It’s essentially become background noise at most, but it remains true:
The Manhattan district attorney’s office suggested on Monday that it had been investigating President Trump and his company for possible bank and insurance fraud, a significantly broader inquiry than the prosecutors have acknowledged in the past.
The suggestion by the office of the district attorney, Cyrus R. Vance Jr., came in a new federal court filing arguing that Mr. Trump’s accountants should have to comply with a grand jury subpoena seeking eight years of his personal and corporate tax returns. Mr. Trump has asked a judge to declare the subpoena invalid.
Until now, the district attorney’s inquiry had appeared largely focused on hush-money payments made in the run-up to the 2016 presidential election to two women who said they had affairs with Mr. Trump.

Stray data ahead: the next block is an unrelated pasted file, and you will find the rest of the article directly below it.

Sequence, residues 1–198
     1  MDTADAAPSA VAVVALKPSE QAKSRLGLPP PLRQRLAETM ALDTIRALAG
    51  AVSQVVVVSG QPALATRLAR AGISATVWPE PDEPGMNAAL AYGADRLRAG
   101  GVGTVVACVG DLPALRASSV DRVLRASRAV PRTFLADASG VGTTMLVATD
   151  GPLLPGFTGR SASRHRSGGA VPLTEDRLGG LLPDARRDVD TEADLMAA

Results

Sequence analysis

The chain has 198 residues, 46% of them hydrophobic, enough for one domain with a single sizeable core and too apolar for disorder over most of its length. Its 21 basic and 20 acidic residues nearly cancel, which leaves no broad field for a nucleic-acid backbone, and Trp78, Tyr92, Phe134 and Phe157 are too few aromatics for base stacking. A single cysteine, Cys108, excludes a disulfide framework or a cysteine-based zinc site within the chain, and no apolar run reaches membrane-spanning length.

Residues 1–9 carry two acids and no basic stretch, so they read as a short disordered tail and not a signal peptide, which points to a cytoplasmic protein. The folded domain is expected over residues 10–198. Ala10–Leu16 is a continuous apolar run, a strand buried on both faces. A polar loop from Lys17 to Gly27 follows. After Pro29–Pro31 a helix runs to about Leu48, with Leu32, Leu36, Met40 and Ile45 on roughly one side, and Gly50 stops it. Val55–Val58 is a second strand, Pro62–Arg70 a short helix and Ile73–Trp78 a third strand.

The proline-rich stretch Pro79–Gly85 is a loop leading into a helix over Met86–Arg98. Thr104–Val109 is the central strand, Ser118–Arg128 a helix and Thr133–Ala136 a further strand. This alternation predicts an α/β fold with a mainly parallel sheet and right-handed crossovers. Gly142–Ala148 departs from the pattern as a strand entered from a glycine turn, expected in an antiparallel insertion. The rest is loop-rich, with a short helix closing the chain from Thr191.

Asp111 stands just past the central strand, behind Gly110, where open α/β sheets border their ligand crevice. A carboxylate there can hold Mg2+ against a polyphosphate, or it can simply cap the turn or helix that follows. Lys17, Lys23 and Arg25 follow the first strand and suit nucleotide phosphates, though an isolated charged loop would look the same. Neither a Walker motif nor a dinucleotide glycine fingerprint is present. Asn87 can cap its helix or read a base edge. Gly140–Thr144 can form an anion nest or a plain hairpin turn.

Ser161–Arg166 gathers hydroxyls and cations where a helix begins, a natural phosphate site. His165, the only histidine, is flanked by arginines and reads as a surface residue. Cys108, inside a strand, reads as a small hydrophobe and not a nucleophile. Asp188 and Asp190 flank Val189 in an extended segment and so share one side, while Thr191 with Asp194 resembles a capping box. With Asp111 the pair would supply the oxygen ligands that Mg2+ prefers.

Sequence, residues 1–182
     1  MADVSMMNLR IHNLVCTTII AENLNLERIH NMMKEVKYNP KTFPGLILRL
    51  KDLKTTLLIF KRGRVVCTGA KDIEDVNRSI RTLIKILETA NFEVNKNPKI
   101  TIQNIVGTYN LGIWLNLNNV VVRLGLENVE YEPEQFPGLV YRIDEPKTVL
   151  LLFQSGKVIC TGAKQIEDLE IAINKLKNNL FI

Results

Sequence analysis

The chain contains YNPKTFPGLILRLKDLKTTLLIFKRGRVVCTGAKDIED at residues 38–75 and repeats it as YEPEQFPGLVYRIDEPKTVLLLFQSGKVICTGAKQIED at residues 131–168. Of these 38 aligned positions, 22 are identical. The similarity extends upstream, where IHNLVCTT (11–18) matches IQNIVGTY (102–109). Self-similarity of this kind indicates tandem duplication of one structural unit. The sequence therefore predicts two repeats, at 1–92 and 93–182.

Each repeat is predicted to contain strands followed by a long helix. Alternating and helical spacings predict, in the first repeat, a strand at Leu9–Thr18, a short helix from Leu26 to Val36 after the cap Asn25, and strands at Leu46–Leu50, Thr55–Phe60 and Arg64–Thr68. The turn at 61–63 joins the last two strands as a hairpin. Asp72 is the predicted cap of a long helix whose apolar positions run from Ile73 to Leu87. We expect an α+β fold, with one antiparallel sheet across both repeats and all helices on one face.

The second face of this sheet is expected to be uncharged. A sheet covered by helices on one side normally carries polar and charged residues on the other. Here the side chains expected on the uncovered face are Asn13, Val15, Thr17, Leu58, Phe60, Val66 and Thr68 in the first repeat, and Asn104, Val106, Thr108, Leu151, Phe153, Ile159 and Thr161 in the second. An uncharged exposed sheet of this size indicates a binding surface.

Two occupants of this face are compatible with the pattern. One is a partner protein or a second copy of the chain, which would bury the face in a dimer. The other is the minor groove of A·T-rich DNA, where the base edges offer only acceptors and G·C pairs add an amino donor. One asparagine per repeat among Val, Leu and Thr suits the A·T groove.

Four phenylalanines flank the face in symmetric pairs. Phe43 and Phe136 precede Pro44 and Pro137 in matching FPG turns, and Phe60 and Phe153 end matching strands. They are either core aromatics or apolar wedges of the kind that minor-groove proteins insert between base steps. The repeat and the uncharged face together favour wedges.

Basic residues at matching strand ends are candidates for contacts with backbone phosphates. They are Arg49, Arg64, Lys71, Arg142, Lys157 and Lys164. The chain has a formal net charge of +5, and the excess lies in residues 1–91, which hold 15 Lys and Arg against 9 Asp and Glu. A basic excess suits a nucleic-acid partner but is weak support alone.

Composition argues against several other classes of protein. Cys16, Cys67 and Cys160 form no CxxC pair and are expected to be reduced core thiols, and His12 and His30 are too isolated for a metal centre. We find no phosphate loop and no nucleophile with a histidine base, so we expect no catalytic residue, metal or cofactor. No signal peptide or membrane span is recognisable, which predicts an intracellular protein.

In the new filing, the prosecutors did not explicitly identify the matters under scrutiny in the grand jury inquiry, which by law is conducted in secret. But they said that “undisputed” assertions in earlier court papers and several news reports about Mr. Trump’s business practices showed that the office had a wide legal basis for the subpoena.
I’m so old I remember when James Comey announcing the FBI found some emails that were quickly and very predictably determined to be immaterial to a closed investigation into the question of whether a presidential candidate committed a trivial offense generated 5 A1 New York Times stories in 2 days.